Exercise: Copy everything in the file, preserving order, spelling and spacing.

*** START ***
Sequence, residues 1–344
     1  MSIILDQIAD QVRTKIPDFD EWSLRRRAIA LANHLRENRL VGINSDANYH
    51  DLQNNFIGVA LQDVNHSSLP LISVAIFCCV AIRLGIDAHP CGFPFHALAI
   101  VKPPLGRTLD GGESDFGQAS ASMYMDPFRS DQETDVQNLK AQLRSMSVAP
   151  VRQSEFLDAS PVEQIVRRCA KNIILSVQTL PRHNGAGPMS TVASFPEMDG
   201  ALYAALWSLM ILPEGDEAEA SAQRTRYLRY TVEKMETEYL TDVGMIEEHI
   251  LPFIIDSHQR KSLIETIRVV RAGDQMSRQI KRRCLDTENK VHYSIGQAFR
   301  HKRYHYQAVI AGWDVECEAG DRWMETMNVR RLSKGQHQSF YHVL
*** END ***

Sequence, residues 1–344
     1  MSIILDQIAD QVRTKIPDFD EWSLRRRAIA LANHLRENRL VGINSDANYH
    51  DLQNNFIGVA LQDVNHSSLP LISVAIFCCV AIRLGIDAHP CGFPFHALAI
   101  VKPPLGRTLD GGESDFGQAS ASMYMDPFRS DQETDVQNLK AQLRSMSVAP
   151  VRQSEFLDAS PVEQIVRRCA KNIILSVQTL PRHNGAGPMS TVASFPEMDG
   201  ALYAALWSLM ILPEGDEAEA SAQRTRYLRY TVEKMETEYL TDVGMIEEHI
   251  LPFIIDSHQR KSLIETIRVV RAGDQMSRQI KRRCLDTENK VHYSIGQAFR
   301  HKRYHYQAVI AGWDVECEAG DRWMETMNVR RLSKGQHQSF YHVL